558. Limitation (X)
Conspiracy theories have a recognisable logic, and their logic is storytelling logic. Reality also has a logic to it, but it is not storytelling logic. Example: Will Smith slapped Chris Rock while he was on stage at the Oscars. Conspiracy theory: this happened because Oscar ratings were down 57% last year and so the entire slap was staged to boost ratings again. After all, Hollywood and the media lie all the time—these are professional fabulists, so why not stage an event to help themselves?
The thought-mode feels familiar because it is a typical way humans attempt to explain anomalous events; although at a certain superficial level it is acceptable, it feels like grey cardboard in my mind—just as when I watch a badly written film. The reason it feels this way is that it has some plausibility but at another level your mind protests: “This isn’t how reality actually works, people aren’t really like that.”
As with many conspiracy theories, the premise is pseudo-Machiavellian: people are evil and are motivated by quantitative goods—money or ratings—and will undertake convoluted plots to achieve these goals. The reasoning is designed to flatter the speaker and the listener, a bit like a con man: “Hey, you look like a sharp guy. You know a deal when you see one, bud. Look at these watches, now you have to watch out…”
Reality: I used to work as a journalist on trade journals. These journals—associated with professional associations—sponsor annual award shows for their industries. The Oscars are exactly the same as the OEM Airline Awards or the Association of American Dental Hygiene Industry Excellence Show—it just so happens that the Oscars are unique in that they have a public interest and so are televised.
All these award shows are rigged; and I know because I have seen how the winners are decided—the Nobel Prize is probably the same. However, the awards are not rigged as a conspiracy theorist imagines—with brown paper envelopes stuffed with cash. They are “rigged” in a way that everyone is satisfied with; and this is because the real point behind these trade shows is to let the industry Eskimo kiss and build relationships, the awards are a pretext—so they say this year Arab Air can be “Best Cabin Provider” and Deutsche Flug can be “Best Captain”. This provides some useful PR copy, but the real point is to build inter-organisation relations; and this is achieved in part because everyone understand “it’s your turn this year”—graciously accepts it; in practice, everyone gets an award. More importantly, everyone goes to the event hotel, gets drunk, and touches noses—sometimes more than noses.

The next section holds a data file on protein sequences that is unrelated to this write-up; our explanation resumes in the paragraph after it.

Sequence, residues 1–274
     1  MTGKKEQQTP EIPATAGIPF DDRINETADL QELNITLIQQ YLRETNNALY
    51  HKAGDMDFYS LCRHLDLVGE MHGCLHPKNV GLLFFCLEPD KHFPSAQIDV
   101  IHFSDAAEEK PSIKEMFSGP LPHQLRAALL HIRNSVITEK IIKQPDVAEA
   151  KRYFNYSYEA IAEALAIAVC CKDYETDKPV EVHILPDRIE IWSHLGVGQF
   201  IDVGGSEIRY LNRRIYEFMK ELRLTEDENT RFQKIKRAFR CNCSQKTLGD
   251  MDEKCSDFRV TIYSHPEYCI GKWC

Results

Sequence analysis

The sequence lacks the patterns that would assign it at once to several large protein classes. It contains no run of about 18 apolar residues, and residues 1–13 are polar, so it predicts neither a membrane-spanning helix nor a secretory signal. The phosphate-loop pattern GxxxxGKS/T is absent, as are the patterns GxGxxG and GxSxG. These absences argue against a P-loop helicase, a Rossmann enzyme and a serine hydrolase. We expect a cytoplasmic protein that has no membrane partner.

“It’s a small world”. It is a small world: you might think Hollywood is a big place, but this is not so—even people who have never met “know” each other by a few degrees of separation, same for dentistry or academia. Each industry is only about as big as a town with 120,000 people in it; and if you have ever lived in a place that big you find that your social world intersects all the time with the whole town; and there are recognisable “characters” everyone knows—along with surprisingly intimate details. So these events constitute that rare moment when the entire network—its senior nodes, from make-up artists to actors—is in one room; and this is important for human social organisation. Point: the people who run the Oscars do not really care about the ratings; they would run a similar event untelevised, just like every industry award show in the world. They want it kept as classy as possible: “the industry flagship event that represents us all”. They are not interested in a new Jerry Springer; and to be so would defeat the point. So no, the whole fight was not staged for ratings—that is the clever-silly pseudo-Machiavellian explanation for a villain’s behaviour on Saturday morning TV, not how real life works.